From Bud to Bloom to Hip: How a Wild Rose Sets Seed

Rugosa rose bud
Green sepals protect rose petals until the buds are ready to open. Rosa rugosa sepals are long and wavy.

Rosa rugosa starting to open
The rose begins to unfurl its five pink petals
Fully open rugosa rose with five petals
Hundreds of stamens tipped with anthers coated in golden pollen surround the female parts of the flower.
Bee pollinating a rose
Bees transfer pollen on their legs and bellies from one flower to another as they move around the garden.
Unripe green Rugosa rose hips
Pollen travels down the style to fertilise the ovary which swells into seed-filled fruits called hips. After the petals fall, unripe green hips can be seen behind the sepals.
Rosa rugosa hips with long green sepals
The hips turn orange-red as they swell and ripen. In rugosas, the long sepals remain attached and are very decorative.
Rugosa rose flowering with hips
Many rugosa roses can flower and bear hips at the same time. If roses are dead-headed, no hips form.
Cross-section of a Rugosa rose hip showing the seeds
A cross-section of a fully ripe Rosa rugosa hip shows the seeds.
Rosa rugosa hips and foliage in autumn
Rosa rugosa’s wrinkled foliage turns yellowy in autumn but is highly disease resistant. The plant readily spreads and forms thickets.

I’ve chosen a rugosa to show the rosebud to rosehip stages as their tomato-like hips are so beautiful and easily recognised. Other wild roses (known as species roses) follow the same process, although it’s more common for roses that produce large amounts of hips to flower once per year.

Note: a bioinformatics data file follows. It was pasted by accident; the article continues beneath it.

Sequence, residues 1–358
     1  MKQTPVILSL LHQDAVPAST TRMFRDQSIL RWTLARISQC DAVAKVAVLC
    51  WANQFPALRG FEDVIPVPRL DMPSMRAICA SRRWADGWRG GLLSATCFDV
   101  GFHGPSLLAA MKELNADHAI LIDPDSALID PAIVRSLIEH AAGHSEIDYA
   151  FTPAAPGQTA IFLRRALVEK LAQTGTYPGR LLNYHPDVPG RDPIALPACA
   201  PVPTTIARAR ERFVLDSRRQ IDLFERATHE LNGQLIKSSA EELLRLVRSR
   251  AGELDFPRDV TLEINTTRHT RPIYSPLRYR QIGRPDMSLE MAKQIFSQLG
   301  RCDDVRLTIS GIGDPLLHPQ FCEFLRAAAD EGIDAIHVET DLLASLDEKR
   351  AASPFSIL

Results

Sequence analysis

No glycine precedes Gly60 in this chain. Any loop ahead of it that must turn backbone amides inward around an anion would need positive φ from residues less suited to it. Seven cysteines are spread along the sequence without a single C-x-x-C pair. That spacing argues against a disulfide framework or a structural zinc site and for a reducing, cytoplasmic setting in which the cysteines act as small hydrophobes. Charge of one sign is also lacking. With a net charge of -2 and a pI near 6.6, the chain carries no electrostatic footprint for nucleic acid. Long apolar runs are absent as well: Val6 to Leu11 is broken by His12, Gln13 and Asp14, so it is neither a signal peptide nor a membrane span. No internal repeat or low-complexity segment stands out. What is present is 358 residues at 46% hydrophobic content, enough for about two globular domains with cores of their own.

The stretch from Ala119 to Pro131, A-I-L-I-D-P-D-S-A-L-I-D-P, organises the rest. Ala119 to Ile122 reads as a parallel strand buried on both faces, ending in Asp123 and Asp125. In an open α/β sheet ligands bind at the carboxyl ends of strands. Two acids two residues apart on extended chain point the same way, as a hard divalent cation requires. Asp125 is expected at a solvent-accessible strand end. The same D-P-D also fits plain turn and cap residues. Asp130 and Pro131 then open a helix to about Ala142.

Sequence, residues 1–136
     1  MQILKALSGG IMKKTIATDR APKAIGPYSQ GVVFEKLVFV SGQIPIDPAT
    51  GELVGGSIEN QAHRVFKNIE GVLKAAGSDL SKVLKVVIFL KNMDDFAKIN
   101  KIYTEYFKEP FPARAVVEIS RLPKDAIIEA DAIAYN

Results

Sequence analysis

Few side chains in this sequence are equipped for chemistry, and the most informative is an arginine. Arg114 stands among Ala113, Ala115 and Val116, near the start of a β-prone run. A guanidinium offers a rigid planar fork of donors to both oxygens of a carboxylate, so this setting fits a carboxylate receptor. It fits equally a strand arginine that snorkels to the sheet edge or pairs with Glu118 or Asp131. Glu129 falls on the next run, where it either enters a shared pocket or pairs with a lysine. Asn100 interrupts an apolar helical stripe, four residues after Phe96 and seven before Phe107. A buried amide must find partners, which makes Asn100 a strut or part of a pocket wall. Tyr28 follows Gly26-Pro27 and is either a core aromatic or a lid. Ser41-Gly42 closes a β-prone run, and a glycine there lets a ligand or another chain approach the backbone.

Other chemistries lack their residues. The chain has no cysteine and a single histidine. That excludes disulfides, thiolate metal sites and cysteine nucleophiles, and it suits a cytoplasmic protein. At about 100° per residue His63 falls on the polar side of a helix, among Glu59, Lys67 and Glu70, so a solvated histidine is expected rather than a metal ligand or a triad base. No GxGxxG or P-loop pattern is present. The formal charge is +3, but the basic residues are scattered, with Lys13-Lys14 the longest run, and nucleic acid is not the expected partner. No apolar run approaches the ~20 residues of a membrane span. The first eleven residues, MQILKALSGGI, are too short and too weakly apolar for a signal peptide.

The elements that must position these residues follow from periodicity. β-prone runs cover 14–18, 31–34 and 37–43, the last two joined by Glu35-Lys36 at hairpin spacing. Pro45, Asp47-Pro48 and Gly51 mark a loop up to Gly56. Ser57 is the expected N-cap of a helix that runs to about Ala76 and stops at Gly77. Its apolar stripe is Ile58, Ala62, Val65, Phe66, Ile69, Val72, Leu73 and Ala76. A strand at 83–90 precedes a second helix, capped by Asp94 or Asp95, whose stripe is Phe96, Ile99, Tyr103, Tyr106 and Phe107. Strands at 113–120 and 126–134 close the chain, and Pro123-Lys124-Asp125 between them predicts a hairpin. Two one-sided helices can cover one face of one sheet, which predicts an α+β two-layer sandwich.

Wild roses usually have just five petals and lots of stamens. In double roses, some or all of the stamens have mutated into extra petals so the fullest flowers produce little pollen and rarely form hips. This means modern garden roses can put more of their energy into repeat-flowering: dead-heading or summer pruning those will help too.

I know many regular readers will be very familiar with this, but thought it would be nice to show the bud to seed process in pictures for those who are not. Shared for Cee’s Flower of the Day.

39 Replies to “From Bud to Bloom to Hip: How a Wild Rose Sets Seed”

  1. Some stories repeat well, especially stories about magic, and if this isn’t magic nothing is. Beautiful narrative photos, and I can’t help noting that the cross-sectioned hip seems to have a big toothy grin, exactly what one would expect in a happy ending! A lovely start to my day — thank you!

    1. All grin and legs. The sepals underneath always make me smile. They seem to be doing a country jig or trying to run away or to be the plant versions of octopuses. That’s why I have so many pictures.

      1. Yes! It’s a country jig! All grin and legs indeed — what a jovial little hip! Thank you! I’d missed the legs and they are most certainly a match to the grin!

  2. I have enjoyed this sequence of informative photographs. Like Oddment, I immediately thought of smiling teeth when I saw the cross-sectioned hip.

  3. A well-illustrated post to showcase the flower to seed process, Susan. Rugosas are one of my favorite scented roses, and which grow wild near our seashore, a heady scent on a warm summer day. I like the way the ripe fruit looks like little octopi. πŸ™‚

    1. Me too. I was amazed yesterday how fragrant ivy flowers are. There are not many scents you pick up just walking by. The air was very still which might have helped.

  4. Lovely. Did you know that colloquial French has rosehips as ‘gratte-cul’ – itch bum, because of the characteristics of the seeds? πŸ˜‰

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